Why RFPs Fail
G. Stock - Canadian Corporate Counsel Association Handbook, Spring
There are a
few good reasons why law departments prepare requests for proposals
(RFPs) for legal services from outside counsel. Access to the very
best lawyers in this country's very best firms is not easy, especially
when relationships, results and service are overtaking price in
choosing and retaining counsel. Corporate counsel who want innovation
and a continuous investment of time from law firm partners are prepared
to offer to a volume of quality work over a two to three-year period.
In a number of economic sectors, such as insurance and local government,
cost pressures are severe and RFPs are used to stimulate productivity
improvements and cost effective measures with outside counsel. In
the face of these imperatives, why do so many requests for proposals
fail, once the preparations for them begin? There are three good
There are very
few Canadian law departments which maintain fully integrated "matter
management" systems. Almost all products are US-based and are usually
cost-justified with good volumes of outside legal work each year.
Departments spending over $500 000 in outside counsel fees each
year for dispute resolution / litigation should look into matter
management systems. These usually include case information, a calendaring
feature, timekeeping functions, outside counsel management, a charge-back
feature, and the capability for a variety of management reports
which analyze cases / files and legal bills. Stating expectations
to outside counsel for service, results and price is difficult without
good historical data.
This is a problem
on two levels. The first is a failure to obtain buy-in from senior
management or possibly board members for the RFP process. There
are often strong relationships between the partners of law firms
and individuals in the corporate family. These can be disrupted
if the partner's law firm is not retained due to an unsuccessful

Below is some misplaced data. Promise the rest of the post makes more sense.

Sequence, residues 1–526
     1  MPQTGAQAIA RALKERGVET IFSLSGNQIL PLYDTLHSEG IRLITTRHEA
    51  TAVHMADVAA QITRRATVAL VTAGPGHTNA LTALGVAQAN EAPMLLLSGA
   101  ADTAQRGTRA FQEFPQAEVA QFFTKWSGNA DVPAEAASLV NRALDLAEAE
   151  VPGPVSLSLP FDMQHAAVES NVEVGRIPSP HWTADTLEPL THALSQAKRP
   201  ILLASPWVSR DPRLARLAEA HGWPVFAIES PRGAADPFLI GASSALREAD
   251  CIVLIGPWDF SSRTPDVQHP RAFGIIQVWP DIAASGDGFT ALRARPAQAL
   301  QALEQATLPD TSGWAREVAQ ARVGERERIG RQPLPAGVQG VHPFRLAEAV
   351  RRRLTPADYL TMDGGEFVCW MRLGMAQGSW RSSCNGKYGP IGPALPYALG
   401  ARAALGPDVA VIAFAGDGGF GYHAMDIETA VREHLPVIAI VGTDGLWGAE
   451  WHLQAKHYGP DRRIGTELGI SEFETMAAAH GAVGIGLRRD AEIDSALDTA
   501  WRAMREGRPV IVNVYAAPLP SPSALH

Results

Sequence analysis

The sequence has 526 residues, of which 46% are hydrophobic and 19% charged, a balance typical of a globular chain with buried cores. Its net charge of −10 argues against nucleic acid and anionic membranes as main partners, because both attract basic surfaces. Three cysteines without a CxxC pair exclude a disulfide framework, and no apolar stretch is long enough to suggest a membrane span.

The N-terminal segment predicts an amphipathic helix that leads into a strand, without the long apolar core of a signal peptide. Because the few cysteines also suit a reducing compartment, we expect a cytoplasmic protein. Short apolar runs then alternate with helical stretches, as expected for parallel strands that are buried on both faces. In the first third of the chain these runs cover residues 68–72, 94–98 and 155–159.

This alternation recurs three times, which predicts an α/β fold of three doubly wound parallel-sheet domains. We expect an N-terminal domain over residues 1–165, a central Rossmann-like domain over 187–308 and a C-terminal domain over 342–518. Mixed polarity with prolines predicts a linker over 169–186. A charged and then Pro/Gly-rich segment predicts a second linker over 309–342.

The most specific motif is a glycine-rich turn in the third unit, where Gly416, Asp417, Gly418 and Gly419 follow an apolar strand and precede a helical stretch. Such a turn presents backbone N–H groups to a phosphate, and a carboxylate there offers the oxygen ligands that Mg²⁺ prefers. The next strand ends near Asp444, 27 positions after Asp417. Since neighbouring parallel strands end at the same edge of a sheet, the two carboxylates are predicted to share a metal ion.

proposal. The president, CFO or a board member can cause the RFP
preparations or selection process to stall or stop unless the expectations
and commitment are clear.
The second set
of unclear expectations is also a challenge for those who issue
RFPs. This amounts to not declaring the selection criteria to law
firms who prepare responses to Request for Proposal for Legal Services
. There is much cynicism around the notion of "beauty contests",
and the lack of a level playing field. Some law departments, however,
are explicit about their objectives for price, technological innovation,
or cycle times for files.
Members of law
departments, especially General Counsel, have no time to spare.
Discussing and agreeing upon the architecture of a request for proposal,
selling the purpose and implications to internal clients, and completing
the analysis and selection processes is time-consuming. In some
cases, this can amount to 100 to 150 hours across a three-month
period. To this is added the challenge of finding money in the budget
for consulting support or to acquire the technology to support the
new working relationship with outside counsel.
request for proposal depends on good data and preparation, clear
expectations with internal clients and outside counsel, and enough
quality time by the General Counsel to follow through in the process.